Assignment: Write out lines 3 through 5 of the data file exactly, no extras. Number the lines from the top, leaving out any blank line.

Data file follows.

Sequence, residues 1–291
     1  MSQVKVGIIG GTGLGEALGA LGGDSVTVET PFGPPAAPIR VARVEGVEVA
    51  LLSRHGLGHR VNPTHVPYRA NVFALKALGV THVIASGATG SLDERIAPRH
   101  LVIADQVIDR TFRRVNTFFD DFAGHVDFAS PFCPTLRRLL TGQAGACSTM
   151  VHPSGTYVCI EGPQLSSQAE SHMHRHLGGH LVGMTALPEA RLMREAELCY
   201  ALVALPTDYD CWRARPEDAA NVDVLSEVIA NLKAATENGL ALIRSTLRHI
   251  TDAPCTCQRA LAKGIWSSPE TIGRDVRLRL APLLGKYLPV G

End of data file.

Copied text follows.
    51  LLSRHGLGHR VNPTHVPYRA NVFALKALGV THVIASGATG SLDERIAPRH
   101  LVIADQVIDR TFRRVNTFFD DFAGHVDFAS PFCPTLRRLL TGQAGACSTM
   151  VHPSGTYVCI EGPQLSSQAE SHMHRHLGGH LVGMTALPEA RLMREAELCY